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The Civil War as a Theological Crisis

By Mark A. Noll

216 pp., 5.5 x 8.5, notes, index

  • Paperback ISBN: 978-1-4696-2181-4
    Published: February 2015
  • eBook ISBN: 978-0-8078-7720-3
    Published: December 2006
  • Large Print ISBN: 978-0-8078-6610-8
    Published: June 2010

Steven and Janice Brose Lectures in the Civil War Era

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Viewing the Civil War as a major turning point in American religious thought, Mark A. Noll examines writings about slavery and race from Americans both white and black, northern and southern, and includes commentary from Protestants and Catholics in Europe and Canada. Though the Christians on all sides agreed that the Bible was authoritative, their interpretations of slavery in Scripture led to a full-blown theological crisis.

About the Author

Mark A. Noll is McAnaney Professor of History at the University of Notre Dame. He is author or editor of 35 books, including the award-winning America's God: From Jonathan Edwards to Abraham Lincoln.
For more information about Mark A. Noll, visit the Author Page.

Reviews

"An informative account of the theological dramas that underpinned and were unleashed by the Civil War. . . . This book's substantive analysis belies its brevity. . . . This slim work of history is surprisingly timely."--Publishers Weekly

"The best account and interpretation of how Christian ideas shaped, and were shaped by, the Civil War."--Christianity Today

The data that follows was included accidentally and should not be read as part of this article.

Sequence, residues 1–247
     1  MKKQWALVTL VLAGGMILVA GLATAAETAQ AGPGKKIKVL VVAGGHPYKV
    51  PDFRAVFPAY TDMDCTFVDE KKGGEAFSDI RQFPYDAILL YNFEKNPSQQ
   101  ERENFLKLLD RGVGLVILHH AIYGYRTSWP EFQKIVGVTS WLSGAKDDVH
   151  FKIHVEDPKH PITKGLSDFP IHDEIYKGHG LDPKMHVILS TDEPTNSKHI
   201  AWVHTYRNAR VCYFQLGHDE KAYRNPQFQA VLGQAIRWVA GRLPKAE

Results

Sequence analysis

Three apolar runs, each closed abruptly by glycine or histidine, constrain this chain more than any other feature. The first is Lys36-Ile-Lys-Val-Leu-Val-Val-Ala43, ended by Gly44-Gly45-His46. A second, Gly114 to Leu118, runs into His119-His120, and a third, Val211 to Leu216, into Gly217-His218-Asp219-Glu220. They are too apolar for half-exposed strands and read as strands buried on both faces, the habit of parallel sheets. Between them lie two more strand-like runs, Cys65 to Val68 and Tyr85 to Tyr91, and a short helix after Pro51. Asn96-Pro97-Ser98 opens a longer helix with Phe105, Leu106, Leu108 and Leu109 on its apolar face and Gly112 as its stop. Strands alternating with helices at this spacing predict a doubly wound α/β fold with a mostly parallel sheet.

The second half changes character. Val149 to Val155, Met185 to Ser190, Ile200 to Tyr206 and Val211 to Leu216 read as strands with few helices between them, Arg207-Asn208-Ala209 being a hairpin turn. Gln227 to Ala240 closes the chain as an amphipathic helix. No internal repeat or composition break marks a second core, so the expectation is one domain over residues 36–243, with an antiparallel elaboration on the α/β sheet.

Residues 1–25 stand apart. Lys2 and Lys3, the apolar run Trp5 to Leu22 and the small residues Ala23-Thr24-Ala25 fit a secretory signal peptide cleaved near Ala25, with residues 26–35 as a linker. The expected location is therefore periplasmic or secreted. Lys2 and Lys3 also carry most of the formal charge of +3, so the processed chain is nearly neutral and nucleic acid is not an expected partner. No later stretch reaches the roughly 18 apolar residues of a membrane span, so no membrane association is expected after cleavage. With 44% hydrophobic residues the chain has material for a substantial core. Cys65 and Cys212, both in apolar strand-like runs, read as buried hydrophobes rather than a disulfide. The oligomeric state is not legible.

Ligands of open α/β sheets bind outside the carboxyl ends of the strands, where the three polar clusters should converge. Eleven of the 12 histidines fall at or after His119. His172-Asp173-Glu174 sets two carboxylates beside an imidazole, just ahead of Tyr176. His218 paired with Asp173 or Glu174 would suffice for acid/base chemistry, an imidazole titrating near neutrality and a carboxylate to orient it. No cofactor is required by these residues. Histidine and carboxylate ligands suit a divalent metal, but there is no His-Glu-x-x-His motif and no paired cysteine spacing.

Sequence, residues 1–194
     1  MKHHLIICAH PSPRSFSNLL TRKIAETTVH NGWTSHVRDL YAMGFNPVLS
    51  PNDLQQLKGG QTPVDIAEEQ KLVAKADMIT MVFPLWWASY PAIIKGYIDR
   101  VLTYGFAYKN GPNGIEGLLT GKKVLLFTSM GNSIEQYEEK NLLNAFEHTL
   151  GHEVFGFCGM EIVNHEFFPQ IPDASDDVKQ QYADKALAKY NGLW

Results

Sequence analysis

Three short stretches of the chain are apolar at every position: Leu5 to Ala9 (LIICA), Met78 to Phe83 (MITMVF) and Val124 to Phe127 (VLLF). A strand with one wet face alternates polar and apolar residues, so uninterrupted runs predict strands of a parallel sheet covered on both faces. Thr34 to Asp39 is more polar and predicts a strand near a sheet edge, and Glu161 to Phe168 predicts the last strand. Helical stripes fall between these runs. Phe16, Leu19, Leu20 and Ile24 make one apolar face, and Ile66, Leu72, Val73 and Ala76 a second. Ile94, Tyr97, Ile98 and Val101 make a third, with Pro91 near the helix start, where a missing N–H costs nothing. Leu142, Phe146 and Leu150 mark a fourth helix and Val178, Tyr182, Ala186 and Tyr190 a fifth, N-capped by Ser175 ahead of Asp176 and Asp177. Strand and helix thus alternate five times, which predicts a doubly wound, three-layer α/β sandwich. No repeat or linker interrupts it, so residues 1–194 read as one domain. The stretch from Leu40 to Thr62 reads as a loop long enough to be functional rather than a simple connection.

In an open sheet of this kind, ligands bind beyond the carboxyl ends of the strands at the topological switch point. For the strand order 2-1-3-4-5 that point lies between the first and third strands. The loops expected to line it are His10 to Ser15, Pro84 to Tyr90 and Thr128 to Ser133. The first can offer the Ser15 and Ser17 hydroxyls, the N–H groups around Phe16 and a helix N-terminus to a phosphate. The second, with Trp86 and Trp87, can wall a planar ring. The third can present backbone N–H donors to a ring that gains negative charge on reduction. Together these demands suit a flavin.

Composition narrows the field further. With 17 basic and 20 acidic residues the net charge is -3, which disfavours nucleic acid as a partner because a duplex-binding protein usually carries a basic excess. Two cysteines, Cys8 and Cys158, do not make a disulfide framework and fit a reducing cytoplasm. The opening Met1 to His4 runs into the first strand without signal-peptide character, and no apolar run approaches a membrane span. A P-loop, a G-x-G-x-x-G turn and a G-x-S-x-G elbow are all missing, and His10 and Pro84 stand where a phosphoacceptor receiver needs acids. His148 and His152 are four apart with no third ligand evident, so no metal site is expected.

"Raises momentous questions for the history of American Christianity while offering . . . intriguing insights into an understudied aspect of our nation's greatest civil ordeal."--Books & Culture

"Bound to spark major revisionist studies and challenge young scholars to explore its provocative and convincing theses. . . . [A] masterful analysis of Civil War-era religion."--American Historical Review

"A distinctive piece of Civil War scholarship. . . . This slim set of lectures greatly enhances the study of religion's role in the American Civil War and the study of Christian intellectual life during a crucial period of U.S. history. Scholars in both fields will profit especially from its pioneering research into Christian Europe's varied reactions to the American Iliad and its causes. Advanced students and discerning general readers will appreciate the book's lively prose and its suggestive conclusions."--Civil War Book Review

"[Noll] grapples convincingly with one of the oldest arguments among theologians: their interpretation of what the Bible has to say about slavery."--Black Issues Book Review